Ruthless, aggressive and ambitious. They’re three adjectives to describe the way Liverpool have acted in the transfer market to secure the signing of Fabinho. The versatile Brazilian will join Liverpool officially at the start of July after the Reds struck a deal worth £39million with Monaco.
It came out of nowhere, too. Atletico Madrid, Paris Saint Germain and Manchester United had all previously been named as favourites to land the 24-year-old and when Paris United, a reliable news outlet in France, revealed in early May that Monaco had struck an agreement to sell the former Rio Ave midfielder, many assumed it was to one of the trio.
But Liverpool, impressed by his showings in the Champions League for Monaco, did their business in the shadows and secured the deal without there being a mention of it in the media. It was reminiscent in many ways to the Roberto Firmino signing.
His versatility gives Jurgen Klopp a number of options next season. Our friends at Football Whispers have taken a detailed look at how he could be used in the system at Anfield.
Fabinho in right central midfield
For the most part, Liverpool have played a 4-3-3 under Klopp. However, at times last season it morphed into more of a 4-2-3-1 when in possession. It was a switch which shored things up defensively and added a balance to the midfield which had been lacking previously.
Jordan Henderson would push up from his deeper role to make a two along with one of Juventus transfer target Emre Can, assuming he doesn’t depart, Gini Wijnaldum or James Milner. The third midfielder would then join the attacking trio to make a quartet.
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Given he was a right-back in his earlier years, Fabinho knows which positions to pick up in order to cover for his full-backs. If used on the right side of the midfield three he could drop in alongside Henderson to cover that side of the pitch and this would allow Naby Keita to do Naby Keita things in the final third.
Fabinho in defensive midfield
Fabinho is being described as a replacement for the departing Can and a rival to Henderson for a starting role in the No.6 position at the base of Liverpool’s midfield. If that’s the case, he’s going to be used as the deepest midfielder.
He’s not too dissimilar to Henderson in terms of the numbers he posts. The Brazilian plays 0.97 open play key passes per 90 minute compared to the Liverpool captain’s 0.95. He also plays 3.3 per cent more of his passes forward and his expected goals assisted number is slightly higher.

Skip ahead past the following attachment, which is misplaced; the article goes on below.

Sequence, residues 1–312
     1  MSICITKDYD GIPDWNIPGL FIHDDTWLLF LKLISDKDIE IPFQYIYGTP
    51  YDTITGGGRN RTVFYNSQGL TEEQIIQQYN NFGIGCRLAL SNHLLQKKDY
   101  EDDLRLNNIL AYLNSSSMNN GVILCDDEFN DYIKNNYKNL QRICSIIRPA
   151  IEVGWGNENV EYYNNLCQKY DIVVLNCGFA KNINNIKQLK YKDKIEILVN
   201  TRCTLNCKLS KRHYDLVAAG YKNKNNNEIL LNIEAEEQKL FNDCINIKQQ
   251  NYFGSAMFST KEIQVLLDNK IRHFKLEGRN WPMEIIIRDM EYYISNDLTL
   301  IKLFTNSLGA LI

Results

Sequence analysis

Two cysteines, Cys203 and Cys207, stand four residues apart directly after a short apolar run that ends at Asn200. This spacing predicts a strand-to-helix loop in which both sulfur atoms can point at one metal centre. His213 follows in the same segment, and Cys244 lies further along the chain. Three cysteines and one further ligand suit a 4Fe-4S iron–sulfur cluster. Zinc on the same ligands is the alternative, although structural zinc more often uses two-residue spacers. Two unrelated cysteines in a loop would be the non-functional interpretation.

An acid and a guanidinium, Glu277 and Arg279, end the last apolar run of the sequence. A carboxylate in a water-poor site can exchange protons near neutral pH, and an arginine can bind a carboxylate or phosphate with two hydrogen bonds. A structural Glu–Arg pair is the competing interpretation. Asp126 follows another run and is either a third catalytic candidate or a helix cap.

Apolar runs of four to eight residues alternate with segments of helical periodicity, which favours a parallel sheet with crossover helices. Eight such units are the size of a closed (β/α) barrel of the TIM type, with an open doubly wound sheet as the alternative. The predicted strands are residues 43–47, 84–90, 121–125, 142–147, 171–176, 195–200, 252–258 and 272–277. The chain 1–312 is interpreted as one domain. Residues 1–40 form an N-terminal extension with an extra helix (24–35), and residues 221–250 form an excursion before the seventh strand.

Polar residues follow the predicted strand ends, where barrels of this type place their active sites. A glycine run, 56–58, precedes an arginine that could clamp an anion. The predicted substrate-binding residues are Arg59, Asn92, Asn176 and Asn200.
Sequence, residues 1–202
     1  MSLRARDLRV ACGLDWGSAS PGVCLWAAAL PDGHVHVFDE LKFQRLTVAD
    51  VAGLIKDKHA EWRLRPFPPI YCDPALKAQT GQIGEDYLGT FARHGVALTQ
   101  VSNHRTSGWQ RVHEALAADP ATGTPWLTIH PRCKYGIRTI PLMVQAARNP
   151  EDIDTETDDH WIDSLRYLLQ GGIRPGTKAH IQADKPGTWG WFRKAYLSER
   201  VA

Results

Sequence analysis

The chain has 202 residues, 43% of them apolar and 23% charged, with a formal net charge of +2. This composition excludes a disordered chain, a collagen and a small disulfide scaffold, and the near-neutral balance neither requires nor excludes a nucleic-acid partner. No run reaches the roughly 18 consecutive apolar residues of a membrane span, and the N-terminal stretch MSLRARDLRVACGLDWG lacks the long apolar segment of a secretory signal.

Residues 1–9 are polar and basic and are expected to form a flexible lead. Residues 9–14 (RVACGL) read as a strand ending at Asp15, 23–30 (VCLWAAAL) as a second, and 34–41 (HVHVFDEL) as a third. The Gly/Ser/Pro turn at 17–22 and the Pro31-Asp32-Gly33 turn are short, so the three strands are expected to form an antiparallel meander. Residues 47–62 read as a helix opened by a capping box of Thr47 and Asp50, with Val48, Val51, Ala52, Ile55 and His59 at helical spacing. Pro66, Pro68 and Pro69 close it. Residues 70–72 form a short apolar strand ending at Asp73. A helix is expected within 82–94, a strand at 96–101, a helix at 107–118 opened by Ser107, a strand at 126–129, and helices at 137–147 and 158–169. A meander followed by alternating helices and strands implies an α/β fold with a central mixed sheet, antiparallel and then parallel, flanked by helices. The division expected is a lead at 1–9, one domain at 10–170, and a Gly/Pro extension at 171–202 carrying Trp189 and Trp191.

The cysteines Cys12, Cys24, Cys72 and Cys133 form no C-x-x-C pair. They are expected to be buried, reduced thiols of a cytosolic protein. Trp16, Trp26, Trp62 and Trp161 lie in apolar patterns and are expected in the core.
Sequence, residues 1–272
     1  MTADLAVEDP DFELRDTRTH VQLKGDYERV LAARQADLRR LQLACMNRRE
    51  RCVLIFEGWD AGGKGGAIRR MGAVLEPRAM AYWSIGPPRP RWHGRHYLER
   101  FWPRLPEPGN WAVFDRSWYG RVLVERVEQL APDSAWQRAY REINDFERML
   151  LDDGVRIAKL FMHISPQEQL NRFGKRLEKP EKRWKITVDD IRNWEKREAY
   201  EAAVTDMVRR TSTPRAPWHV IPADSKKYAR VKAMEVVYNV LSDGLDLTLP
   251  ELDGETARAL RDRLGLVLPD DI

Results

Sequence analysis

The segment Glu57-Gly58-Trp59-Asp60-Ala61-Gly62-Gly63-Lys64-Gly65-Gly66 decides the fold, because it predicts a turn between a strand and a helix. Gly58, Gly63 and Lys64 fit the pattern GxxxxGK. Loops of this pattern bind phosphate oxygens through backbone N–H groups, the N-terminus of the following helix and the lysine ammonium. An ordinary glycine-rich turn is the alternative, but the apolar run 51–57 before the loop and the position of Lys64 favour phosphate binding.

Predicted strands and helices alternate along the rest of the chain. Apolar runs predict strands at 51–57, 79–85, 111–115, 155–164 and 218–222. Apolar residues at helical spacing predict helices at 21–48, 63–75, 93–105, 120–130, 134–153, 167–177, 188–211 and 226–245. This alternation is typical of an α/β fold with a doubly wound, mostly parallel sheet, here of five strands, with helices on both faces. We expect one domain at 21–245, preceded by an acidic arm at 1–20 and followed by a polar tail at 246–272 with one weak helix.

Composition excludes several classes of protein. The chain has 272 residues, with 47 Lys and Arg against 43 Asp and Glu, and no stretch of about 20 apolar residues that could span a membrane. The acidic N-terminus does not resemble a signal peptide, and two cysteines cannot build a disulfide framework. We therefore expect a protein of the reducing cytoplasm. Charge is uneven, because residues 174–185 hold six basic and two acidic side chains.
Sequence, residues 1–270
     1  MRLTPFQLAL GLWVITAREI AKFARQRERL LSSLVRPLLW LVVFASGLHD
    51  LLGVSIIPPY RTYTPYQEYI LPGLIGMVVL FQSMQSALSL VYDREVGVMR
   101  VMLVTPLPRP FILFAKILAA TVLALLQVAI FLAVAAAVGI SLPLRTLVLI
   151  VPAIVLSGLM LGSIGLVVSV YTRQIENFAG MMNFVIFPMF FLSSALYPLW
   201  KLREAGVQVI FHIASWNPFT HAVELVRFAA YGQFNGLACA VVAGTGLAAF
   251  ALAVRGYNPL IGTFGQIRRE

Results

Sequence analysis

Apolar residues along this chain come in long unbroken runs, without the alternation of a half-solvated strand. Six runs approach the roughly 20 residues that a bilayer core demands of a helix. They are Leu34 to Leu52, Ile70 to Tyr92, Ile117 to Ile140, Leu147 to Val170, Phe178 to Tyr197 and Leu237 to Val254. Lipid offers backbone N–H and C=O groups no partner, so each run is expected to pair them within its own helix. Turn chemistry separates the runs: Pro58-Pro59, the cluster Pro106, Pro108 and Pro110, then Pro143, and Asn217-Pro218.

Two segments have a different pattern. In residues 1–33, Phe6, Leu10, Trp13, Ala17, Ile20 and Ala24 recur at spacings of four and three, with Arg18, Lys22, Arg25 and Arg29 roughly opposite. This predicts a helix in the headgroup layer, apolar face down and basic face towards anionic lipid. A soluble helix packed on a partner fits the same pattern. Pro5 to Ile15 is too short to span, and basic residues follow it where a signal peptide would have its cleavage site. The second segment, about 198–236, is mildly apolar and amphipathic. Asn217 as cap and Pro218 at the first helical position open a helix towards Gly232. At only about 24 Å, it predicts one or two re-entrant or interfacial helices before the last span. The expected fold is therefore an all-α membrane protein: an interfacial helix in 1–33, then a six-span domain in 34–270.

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The ex-Monaco man completes 1.11 dribbles, a huge upgrade on the 0.33 Henderson manages, while coming out on top when comparing tackles and interceptions, too. Adapting to the rigours of the Premier League may impact his numbers but at first glance it seems anything Henderson can do, Fabinho can do better.
The midfield dynamic would be similar to that above, when looking at Fabinho as a right sided centre-midfielder, but it would be Alex Oxlade-Chamberlain playing the free role meaning the Reds would have a midfield trio all capable of beating a man and opening up space.
Those parked buses might be blown away next season.
Fabinho in a two
There were signs throughout the 2017/18 season that Klopp wanted to return to a two-man midfield, something which served him so well while at Borussia Dortmund. It was difficult to really work out what the base formation was because it varied between 4-2-2-2 and 4-4-2, 4-2-3-1. But the one constant was a midfield two.
Keita has played a similar system at RB Leipzig meaning he and Fabinho, who also played as part of a midfield duo at Monaco, are using to covering a lot of ground and often being ‘outnumbered’.
Nabil Fekir, a Liverpool transfer target, played ahead of a two at Lyon and it’s a role he excelled in.
The 4-2-2-2 shape gives the Reds extra defensive layers and helps them cut off more passing lanes which, in turn, makes them more of a dangerous counter-attacking side.
With the pace in the starting XI, coupled with the abundance of players who thrive during transitions, it’s definitely a system and a style Klopp might look to use over sustained periods next season.
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by Tom Bodell